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2014 Draft Prep: Picking No. 12 overall

Senior Fantasy Writer
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Pick No. 1 | Pick No. 2 | Pick No. 3 | Pick No. 4 | Pick No. 5 | Pick No. 6
Pick No. 7 | Pick No. 8 | Pick No. 9 | Pick No. 10 | Pick No. 11

Back-to-back ... it's cooler when you're talking championships rather than draft picks.

Picking last in Round 1 usually means picking first in Round 2, so owners in this spot get two players before anyone else. What's cool is that there are more than 13 top-tier players you can start a team with, so it's not so bad picking here. Taking it a step further, there are a lot of really quality choices when you're up again in Round 3 or 4, so there is a really good opportunity to get your team off on the right foot without necessarily getting a perfect running back or Calvin Johnson or Jimmy Graham (at least we don't think you'll get those guys, but you never know).

It's also cool to pick two players at once and filling two needs at the same time. If you're into running backs, one plan of attack is to take one every time you have two picks (which is almost every time) until you're happy with the depth there. Or if you're in a PPR league that starts three receivers (or two with a flex), you can take one receiver and another player with your back-to-back picks until you feel really good about your pass catchers. Then again, you can begin your draft with two running backs, follow them up with two receivers, then add depth as desired.

So while we've covered three different approaches to rushers and receivers, we haven't talked about quarterbacks or tight ends. You need those too, right? Picking at the end/beginning of every round should afford a shot at bringing in bargains at those positions. If Jimmy Graham falls to you in Round 1, reel him in. Same thing if Julius Thomas makes it to you in Round 3 or Vernon Davis in Round 5. Otherwise, feel free to just wait until you get some good value at one of those positions. Quarterback is a little bit easier to gauge -- you might be able to get Aaron Rodgers in Round 3 or Colin Kaepernick in Round 5. If you can't get them, plan on either swiping someone in the Round 7/8 swing -- a passer with cred will definitely be around that late.

The big, big negative to picking at the end is waiting around for your consecutive picks. In a 12-team league, 22 picks are made before you get another couple of bites at the proverbial apple. You can't really expect a player you're thinking about picking to slide back to you on your next set of picks. It forces you into a best-available player mentality while also really considering the value of each position as it relates to your draft position. For instance, taking Peyton Manning at 12th overall is good value, but then you short yourself at (presumably) running back and miss out on spiking a different signal caller with a later pick. It's better to take your biggest needs and mesh it with the best players on the board when you're up.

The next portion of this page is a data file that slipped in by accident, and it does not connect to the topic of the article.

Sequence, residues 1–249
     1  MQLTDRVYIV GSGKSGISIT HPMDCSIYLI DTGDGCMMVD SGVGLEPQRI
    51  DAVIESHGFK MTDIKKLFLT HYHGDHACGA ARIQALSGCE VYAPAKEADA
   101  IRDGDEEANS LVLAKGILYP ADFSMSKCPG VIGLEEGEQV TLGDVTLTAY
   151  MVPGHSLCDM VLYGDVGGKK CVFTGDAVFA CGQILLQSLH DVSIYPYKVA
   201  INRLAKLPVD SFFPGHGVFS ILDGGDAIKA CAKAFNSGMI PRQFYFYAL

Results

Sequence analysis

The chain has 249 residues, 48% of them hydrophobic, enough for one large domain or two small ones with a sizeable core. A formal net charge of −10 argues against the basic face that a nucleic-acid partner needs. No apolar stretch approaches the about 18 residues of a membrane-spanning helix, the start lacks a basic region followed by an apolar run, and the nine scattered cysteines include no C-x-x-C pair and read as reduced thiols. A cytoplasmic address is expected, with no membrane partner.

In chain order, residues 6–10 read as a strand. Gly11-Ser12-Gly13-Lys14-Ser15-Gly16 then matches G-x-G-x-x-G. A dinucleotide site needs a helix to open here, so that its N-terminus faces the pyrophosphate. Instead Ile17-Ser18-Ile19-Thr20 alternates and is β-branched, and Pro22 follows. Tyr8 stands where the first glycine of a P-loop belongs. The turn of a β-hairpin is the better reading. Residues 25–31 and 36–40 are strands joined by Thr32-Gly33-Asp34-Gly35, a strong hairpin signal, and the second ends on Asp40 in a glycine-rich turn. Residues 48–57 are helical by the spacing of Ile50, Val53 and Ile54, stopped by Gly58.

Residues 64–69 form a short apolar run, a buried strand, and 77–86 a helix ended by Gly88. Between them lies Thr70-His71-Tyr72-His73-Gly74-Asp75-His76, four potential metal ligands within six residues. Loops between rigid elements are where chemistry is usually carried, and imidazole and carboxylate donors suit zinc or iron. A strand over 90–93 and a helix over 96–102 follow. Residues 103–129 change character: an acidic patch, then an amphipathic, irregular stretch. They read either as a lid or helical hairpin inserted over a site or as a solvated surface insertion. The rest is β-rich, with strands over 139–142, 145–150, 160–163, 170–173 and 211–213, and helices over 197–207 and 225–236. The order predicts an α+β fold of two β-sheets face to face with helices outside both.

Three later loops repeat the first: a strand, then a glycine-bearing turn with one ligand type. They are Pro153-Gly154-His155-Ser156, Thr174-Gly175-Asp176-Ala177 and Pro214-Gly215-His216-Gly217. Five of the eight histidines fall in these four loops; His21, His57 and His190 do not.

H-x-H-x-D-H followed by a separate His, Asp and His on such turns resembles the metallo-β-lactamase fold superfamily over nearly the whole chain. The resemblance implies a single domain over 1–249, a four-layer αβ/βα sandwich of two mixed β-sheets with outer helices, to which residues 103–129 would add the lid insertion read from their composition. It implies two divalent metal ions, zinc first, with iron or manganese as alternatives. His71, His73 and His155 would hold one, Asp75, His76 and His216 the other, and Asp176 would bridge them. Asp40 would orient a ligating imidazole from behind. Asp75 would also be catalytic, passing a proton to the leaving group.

Editor's note: The percentages listed are what position you should target based on that round for each pick.

Round 1

Round 1 - Standard QB 0% RB 80% WR 15% TE 5%
Round 1 - PPR QB 0% RB 75% WR 20% TE 5%

The best plans are to open up your draft with at least one running back. That's the first pick. Things will get complicated in a second when you debate a second running back versus an elite receiver like Demaryius Thomas/Julio Jones/Dez Bryant/Brandon Marshall/A.J. Green. But for now, the pick needs to be the best available back with 300-touch potential and goal-line work. In a PPR league the pickings will be better.

Players you can get here (Standard): Arian Foster, Alfred Morris, any of the WRs listed above
Players you can get here (PPR): Giovani Bernard, Arian Foster, Eddie Lacy, any of the WRs listed above
My selection at No. 12 standard: Alfred Morris
My selection at No. 12 PPR: Eddie Lacy

Round 2

Round 2 - Standard QB 15% RB 40% WR 40% TE 5%
Round 2 - PPR QB 0% RB 45% WR 50% TE 5%

The safe, sure pick is a receiver. Those left are considered must-start elite types that you'll never bench. Weigh them against the running backs left and make a call. The number of reliable running backs left when you're up in Round 3 is small compared to the remaining receivers, so that might carry some weight, but it's not like there will be bupkis left at 36th overall. What about Peyton? In a standard league you can't call it a reach to take him at 13th overall. In a PPR league it's too soon. And like the receivers, Manning would be a lock for your lineup every week. But unlike the receivers, there will be equally solid starting choices later on in the draft, so the urgency to take one isn't there -- even if Manning, Drew Brees and probably Aaron Rodgers all will be gone the next time you're up. Gronk? Seems too risky for a pick this high, though your risk-tolerance may vary.

Players you can get here (Standard): Demaryius Thomas, Giovani Bernard, Dez Bryant, Julio Jones, Brandon Marshall, Zac Stacy, Peyton Manning
Players you can get here (PPR): Brandon Marshall, Julio Jones, A.J. Green, Jordy Nelson, Le'Veon Bell
My selection at No. 13 standard: Demaryius Thomas
My selection at No. 13 PPR: Brandon Marshall

Round 3

Round 3 - Standard QB 10% RB 35% WR 30% TE 25%
Round 3 - PPR QB 5% RB 35% WR 40% TE 20%

You could be boxed into a serious couple of need picks depending on what you did in Rounds 1 and 2. The nice thing about starting with running back and receiver is that you can continue that balance with your next two picks, including the last Round 3 grab. The receivers will look better than the running backs. Chances are it will dwindle down to those two positions, though there are some names that could make it tough. Julius Thomas is a 1,000-yard, 10-touchdown tight end that's almost impossible to pass up here, as would be a Top 3 quarterback in standard leagues.

Players you can get here (Standard): Julius Thomas, Andre Johnson, Reggie Bush, Vincent Jackson, Michael Crabtree, C.J. Spiller
Players you can get here (PPR): Julius Thomas, Ray Rice, Michael Crabtree, C.J. Spiller, Vincent Jackson
My selection at No. 36 standard: Andre Johnson
My selection at No. 36 PPR: Julius Thomas

Round 4

Round 4 - Standard QB 10% RB 45% WR 35% TE 10%
Round 4 - PPR QB 10% RB 45% WR 35% TE 10%